According to an Appraisal Institute newsletter, the latest PricewaterhouseCoopers Korpacz Real Estate Investors Survey anticipates further deterioration in the U.S. commercial real estate market through the remainder of 2009 and into 2010 before recovering in 2012.
The biggest problem is that commercial real estate lags what happens in the economy,” Susan Smith, director of PricewaterhouseCoopers’ real estate advisory service, told Bloomberg. “Companies are looking for ways to cut costs; many are continuing to reduce workers and are continuing to reduce their space needs.”
Survey respondents indicated that a wave of foreclosures and distressed sales may jump-start buying activity with investors seeking to purchase quality assets at cut-rate prices. “Some investors sense that near-term defaults with commercial banks will allow them to acquire quality assets at steep discounts, as banks may no longer be able to continue to ‘pretend and extend’ troubled loans and would be forced to place assets up for sale,” Smith said.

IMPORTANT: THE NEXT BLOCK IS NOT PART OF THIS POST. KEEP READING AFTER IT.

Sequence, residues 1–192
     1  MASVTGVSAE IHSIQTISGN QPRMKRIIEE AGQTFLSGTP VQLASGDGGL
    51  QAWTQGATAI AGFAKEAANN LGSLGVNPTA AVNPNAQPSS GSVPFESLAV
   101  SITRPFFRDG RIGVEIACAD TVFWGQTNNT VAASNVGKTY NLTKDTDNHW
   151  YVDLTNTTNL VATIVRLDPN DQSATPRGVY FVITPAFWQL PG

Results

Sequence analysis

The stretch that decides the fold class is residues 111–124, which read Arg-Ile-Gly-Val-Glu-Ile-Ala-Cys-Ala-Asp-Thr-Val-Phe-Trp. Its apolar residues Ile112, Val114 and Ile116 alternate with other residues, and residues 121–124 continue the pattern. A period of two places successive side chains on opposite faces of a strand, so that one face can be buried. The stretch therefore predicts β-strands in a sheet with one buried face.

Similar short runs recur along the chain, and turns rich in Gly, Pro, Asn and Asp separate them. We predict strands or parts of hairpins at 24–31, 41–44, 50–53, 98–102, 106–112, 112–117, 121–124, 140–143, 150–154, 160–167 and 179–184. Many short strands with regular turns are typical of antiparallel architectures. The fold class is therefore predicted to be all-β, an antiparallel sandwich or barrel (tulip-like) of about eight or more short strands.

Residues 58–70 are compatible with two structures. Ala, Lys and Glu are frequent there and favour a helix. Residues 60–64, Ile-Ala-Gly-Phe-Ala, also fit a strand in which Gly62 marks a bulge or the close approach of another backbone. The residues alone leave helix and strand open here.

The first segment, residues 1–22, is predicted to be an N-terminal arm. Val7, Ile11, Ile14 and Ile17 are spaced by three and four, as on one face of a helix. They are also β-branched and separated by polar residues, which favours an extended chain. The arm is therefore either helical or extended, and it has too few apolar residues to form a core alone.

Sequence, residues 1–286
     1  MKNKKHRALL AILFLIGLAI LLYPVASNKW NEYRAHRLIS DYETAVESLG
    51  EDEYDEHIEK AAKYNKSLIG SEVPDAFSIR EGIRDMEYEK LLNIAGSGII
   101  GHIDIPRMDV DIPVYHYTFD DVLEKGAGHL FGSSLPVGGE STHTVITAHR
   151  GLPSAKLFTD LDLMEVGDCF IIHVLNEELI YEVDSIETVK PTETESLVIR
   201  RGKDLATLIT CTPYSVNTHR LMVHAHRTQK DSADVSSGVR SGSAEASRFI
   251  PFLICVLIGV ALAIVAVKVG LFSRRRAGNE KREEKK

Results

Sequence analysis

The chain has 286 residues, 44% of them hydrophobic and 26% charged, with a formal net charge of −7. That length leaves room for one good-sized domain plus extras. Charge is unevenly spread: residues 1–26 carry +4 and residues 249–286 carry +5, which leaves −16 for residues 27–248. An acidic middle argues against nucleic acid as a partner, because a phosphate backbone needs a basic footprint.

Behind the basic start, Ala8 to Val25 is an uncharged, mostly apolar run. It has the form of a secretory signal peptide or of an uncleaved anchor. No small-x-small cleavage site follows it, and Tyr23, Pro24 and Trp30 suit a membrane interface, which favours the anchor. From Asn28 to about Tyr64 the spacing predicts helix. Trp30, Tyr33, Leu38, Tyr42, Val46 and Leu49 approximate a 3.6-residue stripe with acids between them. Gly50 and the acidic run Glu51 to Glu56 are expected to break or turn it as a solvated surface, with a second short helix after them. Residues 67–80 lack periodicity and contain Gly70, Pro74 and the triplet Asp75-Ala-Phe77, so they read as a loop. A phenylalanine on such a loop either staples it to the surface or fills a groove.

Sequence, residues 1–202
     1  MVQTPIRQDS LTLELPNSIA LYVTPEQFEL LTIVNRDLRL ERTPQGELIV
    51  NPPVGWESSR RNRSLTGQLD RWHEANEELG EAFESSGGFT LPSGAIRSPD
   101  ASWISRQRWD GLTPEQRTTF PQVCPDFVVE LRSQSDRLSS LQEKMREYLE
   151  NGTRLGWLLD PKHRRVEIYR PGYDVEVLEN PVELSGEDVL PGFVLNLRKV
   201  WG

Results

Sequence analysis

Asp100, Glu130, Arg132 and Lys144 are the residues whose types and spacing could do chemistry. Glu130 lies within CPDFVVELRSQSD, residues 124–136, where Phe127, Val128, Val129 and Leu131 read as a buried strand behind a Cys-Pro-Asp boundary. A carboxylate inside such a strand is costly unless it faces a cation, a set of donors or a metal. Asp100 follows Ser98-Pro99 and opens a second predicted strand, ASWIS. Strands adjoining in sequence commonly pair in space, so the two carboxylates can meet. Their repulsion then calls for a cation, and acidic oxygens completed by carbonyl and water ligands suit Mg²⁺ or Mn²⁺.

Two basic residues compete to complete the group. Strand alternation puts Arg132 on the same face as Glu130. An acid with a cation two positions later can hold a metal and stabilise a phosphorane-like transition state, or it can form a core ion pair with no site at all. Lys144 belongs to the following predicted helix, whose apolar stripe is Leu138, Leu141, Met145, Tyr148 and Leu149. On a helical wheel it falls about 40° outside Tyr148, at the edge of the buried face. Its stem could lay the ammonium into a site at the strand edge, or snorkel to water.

The 115 surveyed real estate firms noted that they expect commercial real estate prices to continue to fall or remain at their current level for at least the next six months. Respondents indicated that office rents in Manhattan and San Francisco, as well as suburban office rents across the country, may drop as much as 20 percent through 2010.
Office rents in Phoenix may drop 15 percent while rents in Boston, Chicago, Denver, Los Angeles and San Diego may drop as much as 10 percent. Strip malls built around big-box stores could see rent declines of as much as 10 percent, with regional mall rents falling by as much as 5 percent.
According to the survey, rental apartments are expected to lead the commercial market recovery starting in 2010 followed by the industrial and office sectors, which are expected to begin recovering in 2011 with a notable uptake in 2012. The retail sector, struggling in last place, is expected to lag behind with a slight recovery beginning in 2012.